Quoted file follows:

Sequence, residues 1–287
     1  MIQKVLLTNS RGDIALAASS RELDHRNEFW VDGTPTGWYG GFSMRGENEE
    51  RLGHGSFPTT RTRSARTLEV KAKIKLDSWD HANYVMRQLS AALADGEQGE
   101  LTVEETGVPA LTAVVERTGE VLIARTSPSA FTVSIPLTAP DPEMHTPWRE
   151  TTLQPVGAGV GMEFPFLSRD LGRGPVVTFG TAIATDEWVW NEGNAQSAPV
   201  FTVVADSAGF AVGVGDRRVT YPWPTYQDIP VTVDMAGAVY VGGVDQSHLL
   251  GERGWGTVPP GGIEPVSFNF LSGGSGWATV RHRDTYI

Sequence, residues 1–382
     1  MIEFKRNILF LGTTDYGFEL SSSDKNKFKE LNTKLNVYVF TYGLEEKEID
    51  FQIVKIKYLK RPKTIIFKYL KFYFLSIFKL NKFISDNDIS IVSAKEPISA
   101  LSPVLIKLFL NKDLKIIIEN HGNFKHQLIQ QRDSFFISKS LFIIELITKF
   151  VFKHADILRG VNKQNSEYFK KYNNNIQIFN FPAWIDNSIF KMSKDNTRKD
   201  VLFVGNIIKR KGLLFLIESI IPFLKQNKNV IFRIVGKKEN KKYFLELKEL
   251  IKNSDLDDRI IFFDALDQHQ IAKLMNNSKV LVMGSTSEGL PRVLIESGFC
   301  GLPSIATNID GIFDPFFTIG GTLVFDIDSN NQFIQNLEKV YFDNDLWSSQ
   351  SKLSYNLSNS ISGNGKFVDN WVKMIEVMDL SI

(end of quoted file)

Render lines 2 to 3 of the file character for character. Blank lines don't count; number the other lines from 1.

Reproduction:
     1  MIQKVLLTNS RGDIALAASS RELDHRNEFW VDGTPTGWYG GFSMRGENEE
    51  RLGHGSFPTT RTRSARTLEV KAKIKLDSWD HANYVMRQLS AALADGEQGE